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        The area where the present day Goessel, KS is located was not originally named Goessel. In 1874 a large migration of Mennonites from Russia settled in Central Kansas, Those in this area settled in a pattern of villages similar to their home in Russia. The settlement now named Goessel was first a village called Gnadenfeld. However, it was years before a trading center developed. The Mennonite Brethren congregation built a church in 1890, the first public structure there. One of the first businesses, a creamery station, opened around 1890. A blacksmith shop opened in 1894.

Immigrant House - Goessel, Kansas
Immigrant House - Goessel, Kansas

        In the early 1895, Dr. Peter Richert was looking to establish a Hospital in the place of what is now Goessel, KS. He first needed a Post Office to receive shipments of medicines and supplies. He also needed a name for the Post Office. Oral tradition states that he sent in the name "West Branch” as this was the name of the township. It was supposedly rejected because the Postal Department did not want any more names with North, East, South, or West.

        About that time, January 30, 1895, the North German Lloyd steamship "Elbe" was passing through the English channel when rammed by another ship at 5:00 a.m. It sank in 20 minutes and 22 half-frozen survivors made it to safety in one lifeboat. 350 people drowned. Through this scene of terror, Captain Kurt Von Goessel calmly gave orders, and finally, saluted as he went down with his ship.

        The story made world-wide news instantly, and was covered on the front page of the New York Times on January 31. Yacht clubs around the world flew flags at half-mast. Since his ship made regular runs from Germany to New York, he had American acquaintances, including the music composer S.B. Mills, who wrote a piano march titled "Elbiata" in his honor. He was described as having impeccable character, and highly respected in nautical circles. He won medals for heroic rescues at sea. He left behind a wife and children.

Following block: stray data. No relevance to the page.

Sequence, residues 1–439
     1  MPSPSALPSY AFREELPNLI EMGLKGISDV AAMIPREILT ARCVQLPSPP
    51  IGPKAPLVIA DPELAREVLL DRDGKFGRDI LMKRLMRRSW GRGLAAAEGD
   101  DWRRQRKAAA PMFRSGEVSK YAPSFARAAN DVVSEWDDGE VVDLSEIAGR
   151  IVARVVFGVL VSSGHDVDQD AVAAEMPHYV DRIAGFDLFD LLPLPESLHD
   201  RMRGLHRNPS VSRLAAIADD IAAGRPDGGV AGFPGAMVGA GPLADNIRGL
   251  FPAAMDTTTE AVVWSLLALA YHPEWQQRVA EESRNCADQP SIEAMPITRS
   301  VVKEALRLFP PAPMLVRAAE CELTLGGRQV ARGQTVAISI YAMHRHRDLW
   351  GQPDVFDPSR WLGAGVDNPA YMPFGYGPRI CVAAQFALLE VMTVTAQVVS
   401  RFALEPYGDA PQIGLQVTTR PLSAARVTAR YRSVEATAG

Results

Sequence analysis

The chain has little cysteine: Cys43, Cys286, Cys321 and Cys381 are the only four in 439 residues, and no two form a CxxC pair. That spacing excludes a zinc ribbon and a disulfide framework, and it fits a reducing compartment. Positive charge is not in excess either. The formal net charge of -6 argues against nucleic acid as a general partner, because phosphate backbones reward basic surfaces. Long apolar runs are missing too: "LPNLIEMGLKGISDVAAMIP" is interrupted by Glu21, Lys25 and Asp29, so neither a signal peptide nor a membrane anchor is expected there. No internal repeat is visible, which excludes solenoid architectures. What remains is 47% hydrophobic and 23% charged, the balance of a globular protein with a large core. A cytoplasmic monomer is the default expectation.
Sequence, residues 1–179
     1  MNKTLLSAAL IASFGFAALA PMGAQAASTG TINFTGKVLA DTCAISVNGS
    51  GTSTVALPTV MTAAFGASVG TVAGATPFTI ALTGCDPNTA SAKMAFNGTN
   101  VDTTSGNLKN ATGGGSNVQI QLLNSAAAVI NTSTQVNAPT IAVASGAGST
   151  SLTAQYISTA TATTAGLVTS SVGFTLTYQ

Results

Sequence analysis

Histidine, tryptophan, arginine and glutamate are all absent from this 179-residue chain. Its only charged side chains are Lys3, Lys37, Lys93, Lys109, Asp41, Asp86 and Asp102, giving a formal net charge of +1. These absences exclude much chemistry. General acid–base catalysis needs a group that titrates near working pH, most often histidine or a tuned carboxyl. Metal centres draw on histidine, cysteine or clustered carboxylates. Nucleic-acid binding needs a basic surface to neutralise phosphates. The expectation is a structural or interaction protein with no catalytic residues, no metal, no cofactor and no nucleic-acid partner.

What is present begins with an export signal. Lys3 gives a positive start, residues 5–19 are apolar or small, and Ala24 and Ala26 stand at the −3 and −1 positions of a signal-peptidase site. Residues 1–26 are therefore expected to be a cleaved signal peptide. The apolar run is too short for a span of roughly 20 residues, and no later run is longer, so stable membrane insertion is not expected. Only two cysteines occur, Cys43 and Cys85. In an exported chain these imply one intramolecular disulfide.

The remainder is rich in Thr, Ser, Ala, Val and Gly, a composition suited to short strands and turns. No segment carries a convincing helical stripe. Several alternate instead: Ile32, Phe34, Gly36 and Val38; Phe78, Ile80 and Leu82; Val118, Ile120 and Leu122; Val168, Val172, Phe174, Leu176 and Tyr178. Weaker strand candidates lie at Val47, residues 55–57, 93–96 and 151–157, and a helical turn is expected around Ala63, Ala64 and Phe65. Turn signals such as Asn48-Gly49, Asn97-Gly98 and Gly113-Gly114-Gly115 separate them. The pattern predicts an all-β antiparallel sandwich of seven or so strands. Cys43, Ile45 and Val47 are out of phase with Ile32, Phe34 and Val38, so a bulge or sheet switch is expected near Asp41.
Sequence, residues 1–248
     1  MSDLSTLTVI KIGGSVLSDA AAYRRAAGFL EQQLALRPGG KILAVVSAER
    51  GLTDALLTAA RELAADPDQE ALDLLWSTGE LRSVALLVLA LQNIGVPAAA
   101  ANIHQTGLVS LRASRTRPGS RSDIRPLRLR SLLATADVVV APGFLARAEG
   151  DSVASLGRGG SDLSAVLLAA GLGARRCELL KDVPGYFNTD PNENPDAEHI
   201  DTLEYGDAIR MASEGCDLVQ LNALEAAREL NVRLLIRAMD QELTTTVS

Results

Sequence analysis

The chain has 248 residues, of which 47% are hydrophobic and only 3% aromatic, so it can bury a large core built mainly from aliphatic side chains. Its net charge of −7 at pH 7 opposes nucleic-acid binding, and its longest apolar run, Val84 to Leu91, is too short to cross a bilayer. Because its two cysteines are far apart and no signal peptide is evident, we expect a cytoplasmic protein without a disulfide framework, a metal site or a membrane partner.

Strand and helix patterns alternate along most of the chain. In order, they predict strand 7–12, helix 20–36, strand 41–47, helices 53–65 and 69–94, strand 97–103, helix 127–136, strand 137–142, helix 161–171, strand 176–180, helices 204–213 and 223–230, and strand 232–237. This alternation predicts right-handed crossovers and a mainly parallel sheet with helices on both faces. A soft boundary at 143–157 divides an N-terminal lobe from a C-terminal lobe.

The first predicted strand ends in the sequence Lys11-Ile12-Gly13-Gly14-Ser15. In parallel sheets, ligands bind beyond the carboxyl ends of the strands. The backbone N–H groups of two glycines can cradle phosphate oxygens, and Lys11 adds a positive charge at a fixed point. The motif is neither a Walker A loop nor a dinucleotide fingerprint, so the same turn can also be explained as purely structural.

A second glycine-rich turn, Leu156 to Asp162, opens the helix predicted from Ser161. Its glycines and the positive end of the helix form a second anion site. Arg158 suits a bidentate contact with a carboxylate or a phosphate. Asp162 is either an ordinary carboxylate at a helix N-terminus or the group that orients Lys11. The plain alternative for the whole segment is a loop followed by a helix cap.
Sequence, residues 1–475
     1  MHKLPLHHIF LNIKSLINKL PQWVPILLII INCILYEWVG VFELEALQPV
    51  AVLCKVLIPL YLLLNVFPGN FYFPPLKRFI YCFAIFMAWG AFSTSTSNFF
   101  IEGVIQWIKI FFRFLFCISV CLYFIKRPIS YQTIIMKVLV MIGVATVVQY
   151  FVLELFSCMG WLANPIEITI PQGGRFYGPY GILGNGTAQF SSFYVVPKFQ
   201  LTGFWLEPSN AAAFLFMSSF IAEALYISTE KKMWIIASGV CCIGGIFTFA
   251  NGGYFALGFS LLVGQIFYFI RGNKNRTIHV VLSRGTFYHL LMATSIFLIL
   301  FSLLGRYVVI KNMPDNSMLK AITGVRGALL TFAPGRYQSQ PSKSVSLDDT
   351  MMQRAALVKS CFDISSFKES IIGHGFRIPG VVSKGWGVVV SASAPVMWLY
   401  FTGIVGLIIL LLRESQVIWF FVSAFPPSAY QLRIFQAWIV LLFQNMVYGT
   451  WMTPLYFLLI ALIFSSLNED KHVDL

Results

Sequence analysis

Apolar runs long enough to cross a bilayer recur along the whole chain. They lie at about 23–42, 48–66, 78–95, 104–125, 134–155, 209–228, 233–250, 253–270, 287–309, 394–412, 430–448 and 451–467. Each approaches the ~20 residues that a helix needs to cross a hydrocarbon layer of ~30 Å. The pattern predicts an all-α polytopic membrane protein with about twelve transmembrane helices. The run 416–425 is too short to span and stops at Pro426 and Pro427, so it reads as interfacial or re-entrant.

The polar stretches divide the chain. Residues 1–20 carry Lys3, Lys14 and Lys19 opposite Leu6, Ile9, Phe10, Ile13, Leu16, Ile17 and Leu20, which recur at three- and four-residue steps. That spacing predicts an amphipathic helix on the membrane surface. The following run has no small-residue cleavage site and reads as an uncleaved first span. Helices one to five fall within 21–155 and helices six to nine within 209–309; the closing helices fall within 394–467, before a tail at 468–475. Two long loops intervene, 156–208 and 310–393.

Back in Kansas, Dr. Richert read the story of the captain. Because of the world- wide significance of the story, and heroic nature of the captain, Dr. Richert sent in the name "Goessel", and it was accepted by the U. S. Postal Department in a charter dated April 13, 1895.

        In 1898 The Bethesda Hospital Society was formed, the first Mennonite Hospital in North America. It continues today in the form of the Bethesda Home.

        The downtown business district continued to develop with stores, small restaurants, and business establishments. Some more notable have been the Franz store, operating until the 1940's, the Klassen mill, 1906-1919, several service stations, car dealers, garages, banks and Crossroads Cooperative, today Mid-Kansas. In 1906 the Goessel Preparatory School was formed, and operated until 1925. The Goessel Public High School was established the next year and continues today. In 1906, a tornado passed down Main Street, destroying about ¾ of the town, but the citizens bounced back.

        Today the town of Goessel has 565 residents, 3 Mennonite Churches, AGAPE Senior Citizens Center, and active community recreation programs.

     – Supplied by Brian Stucky, Goessel.

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